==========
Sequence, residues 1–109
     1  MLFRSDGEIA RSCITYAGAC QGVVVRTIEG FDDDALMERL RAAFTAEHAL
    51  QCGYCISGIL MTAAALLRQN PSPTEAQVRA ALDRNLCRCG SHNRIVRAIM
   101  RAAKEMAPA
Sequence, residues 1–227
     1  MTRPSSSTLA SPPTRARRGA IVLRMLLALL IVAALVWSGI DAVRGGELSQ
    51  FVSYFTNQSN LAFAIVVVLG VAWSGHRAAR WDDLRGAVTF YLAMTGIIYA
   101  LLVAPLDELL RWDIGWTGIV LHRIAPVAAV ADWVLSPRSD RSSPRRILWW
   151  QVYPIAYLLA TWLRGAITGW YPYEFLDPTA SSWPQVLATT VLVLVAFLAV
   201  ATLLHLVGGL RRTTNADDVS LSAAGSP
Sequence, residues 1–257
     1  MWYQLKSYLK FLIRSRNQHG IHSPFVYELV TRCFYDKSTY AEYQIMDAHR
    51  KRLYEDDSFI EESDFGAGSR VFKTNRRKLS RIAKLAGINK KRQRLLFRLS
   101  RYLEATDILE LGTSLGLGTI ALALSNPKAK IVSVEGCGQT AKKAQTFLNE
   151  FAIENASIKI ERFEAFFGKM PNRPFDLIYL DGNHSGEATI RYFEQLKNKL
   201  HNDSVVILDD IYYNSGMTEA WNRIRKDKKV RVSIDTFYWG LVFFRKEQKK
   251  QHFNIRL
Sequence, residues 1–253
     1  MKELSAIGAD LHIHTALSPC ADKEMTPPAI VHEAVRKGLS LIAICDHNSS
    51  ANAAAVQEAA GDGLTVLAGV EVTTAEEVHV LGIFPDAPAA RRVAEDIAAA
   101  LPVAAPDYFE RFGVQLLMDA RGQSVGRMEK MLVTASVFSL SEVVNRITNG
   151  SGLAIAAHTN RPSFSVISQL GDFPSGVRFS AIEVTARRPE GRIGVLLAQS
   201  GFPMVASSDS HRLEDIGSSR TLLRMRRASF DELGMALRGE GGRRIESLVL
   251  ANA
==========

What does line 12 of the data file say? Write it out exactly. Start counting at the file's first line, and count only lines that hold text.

     1  MWYQLKSYLK FLIRSRNQHG IHSPFVYELV TRCFYDKSTY AEYQIMDAHR